Wednesday, January 20, 2010

As the Palaces Burned: Testament - The Gathering

On September 24, 1991 Nirvana released Nevermind. Nine years later, a reunited Iron Maiden played Madison Square Garden. The time in between was one of metal's bleaker periods, where the genre's mainstream face all but disappeared and it retreated not just underground, but underwater. To celebrate the rare gems of this dark time - and remember our fortune now that metal has ceased to be such a dirty word - we're launching As the Palaces Burned, a weekly series published every Wednesday that will cover metal albums of note released between 1991 and 2000.

Testament.......I labored over this band, and how to approach their AtPB entry. I mean where to begin? Skolnick's last album with the band, 1992's grungy The Ritual? Their experiments with Pantera-esque modernization on Low?

Well, Low is a great under-appreciated album, but I'm not going to go there. The Ritual has some very funny moments that need to be written about, but that will be in my upcoming series about Metal bands who released Grunge albums in the 90s.

No, we're going to cover Testament when they were in the same position Voivod was in my column last week. Having been dropped and relegated to the CMC International/Spitfire records purgatory, a brand new lineup of Testament decided the best approach would be to modernize and play more of that death metal the kids are always talking about. Now Chuck Billy and Eric Peterson were well set up for this, with the secret weapon Gene Hoglan on drums, and a great working knowledge of the underground. However despite some great moments 1997's Demonic is not a great album. The approach is a bit generic. Some songs are great are still played in concert, such as "The Burning Times". Here, have a quick listen. It's good!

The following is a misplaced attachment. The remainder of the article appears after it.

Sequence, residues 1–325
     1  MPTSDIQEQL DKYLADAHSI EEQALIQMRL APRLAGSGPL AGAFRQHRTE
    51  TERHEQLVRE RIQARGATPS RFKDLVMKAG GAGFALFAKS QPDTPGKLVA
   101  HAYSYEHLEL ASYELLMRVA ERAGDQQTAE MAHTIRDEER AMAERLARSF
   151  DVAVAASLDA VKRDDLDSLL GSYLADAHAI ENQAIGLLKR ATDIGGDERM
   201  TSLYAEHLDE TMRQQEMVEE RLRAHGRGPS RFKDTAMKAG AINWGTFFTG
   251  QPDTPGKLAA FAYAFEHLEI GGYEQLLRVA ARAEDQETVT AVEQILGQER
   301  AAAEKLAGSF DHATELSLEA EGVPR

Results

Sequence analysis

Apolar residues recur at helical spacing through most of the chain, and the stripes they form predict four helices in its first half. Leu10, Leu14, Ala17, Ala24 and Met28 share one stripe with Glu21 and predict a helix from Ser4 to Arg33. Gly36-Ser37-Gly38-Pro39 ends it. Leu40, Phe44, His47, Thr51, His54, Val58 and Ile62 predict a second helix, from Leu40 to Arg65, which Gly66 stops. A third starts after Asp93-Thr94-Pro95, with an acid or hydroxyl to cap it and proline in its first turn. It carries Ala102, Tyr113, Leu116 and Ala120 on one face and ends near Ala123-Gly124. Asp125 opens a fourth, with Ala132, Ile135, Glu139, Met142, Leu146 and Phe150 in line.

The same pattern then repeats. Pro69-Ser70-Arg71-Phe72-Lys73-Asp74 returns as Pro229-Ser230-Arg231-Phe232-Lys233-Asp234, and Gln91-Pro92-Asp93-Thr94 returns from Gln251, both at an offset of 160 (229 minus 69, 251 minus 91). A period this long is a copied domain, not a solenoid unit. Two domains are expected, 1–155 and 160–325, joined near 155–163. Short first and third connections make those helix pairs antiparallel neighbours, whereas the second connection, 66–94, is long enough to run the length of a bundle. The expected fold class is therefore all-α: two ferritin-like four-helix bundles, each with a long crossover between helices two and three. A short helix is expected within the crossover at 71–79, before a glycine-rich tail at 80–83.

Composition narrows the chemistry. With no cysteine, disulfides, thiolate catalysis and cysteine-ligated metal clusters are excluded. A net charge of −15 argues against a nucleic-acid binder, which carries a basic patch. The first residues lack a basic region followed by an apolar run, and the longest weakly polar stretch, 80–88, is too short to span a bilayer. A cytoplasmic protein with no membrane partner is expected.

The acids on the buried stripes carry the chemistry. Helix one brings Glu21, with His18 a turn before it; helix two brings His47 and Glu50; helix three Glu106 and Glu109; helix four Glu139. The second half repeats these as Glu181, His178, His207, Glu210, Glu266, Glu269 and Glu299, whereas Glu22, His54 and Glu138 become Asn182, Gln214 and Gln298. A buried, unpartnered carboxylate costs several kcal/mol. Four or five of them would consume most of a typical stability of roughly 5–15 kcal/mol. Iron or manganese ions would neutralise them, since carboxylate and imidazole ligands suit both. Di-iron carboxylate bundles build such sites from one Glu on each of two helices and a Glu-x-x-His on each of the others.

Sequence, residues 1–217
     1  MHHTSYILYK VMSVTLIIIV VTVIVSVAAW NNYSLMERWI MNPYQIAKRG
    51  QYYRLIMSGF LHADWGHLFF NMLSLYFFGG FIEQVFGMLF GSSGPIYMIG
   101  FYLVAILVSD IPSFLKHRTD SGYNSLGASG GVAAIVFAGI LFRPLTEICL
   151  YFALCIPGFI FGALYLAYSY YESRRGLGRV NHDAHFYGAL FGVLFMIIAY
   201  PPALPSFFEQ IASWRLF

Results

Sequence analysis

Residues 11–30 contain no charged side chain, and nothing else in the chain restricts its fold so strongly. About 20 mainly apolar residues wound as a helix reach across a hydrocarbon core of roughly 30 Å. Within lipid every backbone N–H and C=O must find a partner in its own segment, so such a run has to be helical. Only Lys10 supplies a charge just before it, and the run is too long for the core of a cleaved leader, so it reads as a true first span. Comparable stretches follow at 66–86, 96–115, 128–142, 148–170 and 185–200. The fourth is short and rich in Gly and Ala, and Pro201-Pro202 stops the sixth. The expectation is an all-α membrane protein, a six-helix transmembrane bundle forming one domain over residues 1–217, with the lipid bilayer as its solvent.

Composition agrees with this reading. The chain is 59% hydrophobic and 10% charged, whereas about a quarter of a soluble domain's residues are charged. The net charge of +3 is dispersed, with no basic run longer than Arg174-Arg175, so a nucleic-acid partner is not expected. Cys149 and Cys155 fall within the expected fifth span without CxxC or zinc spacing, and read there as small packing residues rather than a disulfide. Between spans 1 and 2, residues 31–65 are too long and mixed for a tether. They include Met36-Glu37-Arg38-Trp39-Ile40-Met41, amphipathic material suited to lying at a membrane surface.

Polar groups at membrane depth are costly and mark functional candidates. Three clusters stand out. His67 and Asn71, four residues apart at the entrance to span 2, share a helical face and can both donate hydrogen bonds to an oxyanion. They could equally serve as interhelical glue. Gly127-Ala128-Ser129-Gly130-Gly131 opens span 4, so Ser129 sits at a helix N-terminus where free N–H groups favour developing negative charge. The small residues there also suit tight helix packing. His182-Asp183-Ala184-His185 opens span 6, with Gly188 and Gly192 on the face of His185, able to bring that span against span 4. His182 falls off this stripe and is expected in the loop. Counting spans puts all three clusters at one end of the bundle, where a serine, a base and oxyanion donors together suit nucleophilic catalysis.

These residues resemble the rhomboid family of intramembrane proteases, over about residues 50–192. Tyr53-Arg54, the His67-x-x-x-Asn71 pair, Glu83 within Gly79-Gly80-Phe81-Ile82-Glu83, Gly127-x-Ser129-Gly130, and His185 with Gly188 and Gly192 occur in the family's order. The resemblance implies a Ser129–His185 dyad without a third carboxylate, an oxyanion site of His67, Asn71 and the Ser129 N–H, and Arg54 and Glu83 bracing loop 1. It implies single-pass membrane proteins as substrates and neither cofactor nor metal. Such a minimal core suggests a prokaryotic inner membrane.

But the whole record isn't great, and doesn't make the cut as a lost classic.

Plagued with yet more lineup changes, Chuck Billy and Eric Peterson "gathered" (get it?) all their friends together. Grabbing no less than two ex-members of Death (James Murphy and Steve DiGiorgio) plus Dave Lombardo from Slayer, Testament released one hell of a war cry with The Gathering in 1999. To me it is a unifying statement which best sums up everything the band had been trying to say since Low. The aggression level is even higher than Demonic without that album's generic riffing. The thrash is back in full force but with the added power of Billy's newfound growl. Topping the whole album off with a delicious satanic cherry was the production of Andy Sneap, now recognized as the gifted master of aggressive recording.

Anyone who returned to the band with The Formation of Damnation needs to go back and fall in love with The Gathering. Starting with "DNR", still a favorite in modern set lists, you are hearing a band at the height of their Metal powers. The way thrash and death metal are so seamlessly merged on this record may seem pretty textbook now, but this is the band and the album from which those textbooks were written. And not enough can be said about the subtle virtuosity, especially in DiGiorgio's smooth yet violent bass playing. If there was ever any recorded document that Testament never deserved their reputation as Metallica-lite this is the album.

But enough tell, here's some show:

Sewn Shut Eyes!

DNR (Do Not Resuscitate)

Eyes of Wrath

And the song which should have been the "hit," True Believer. I think this was on the soundtrack to one of the Saw movies.......

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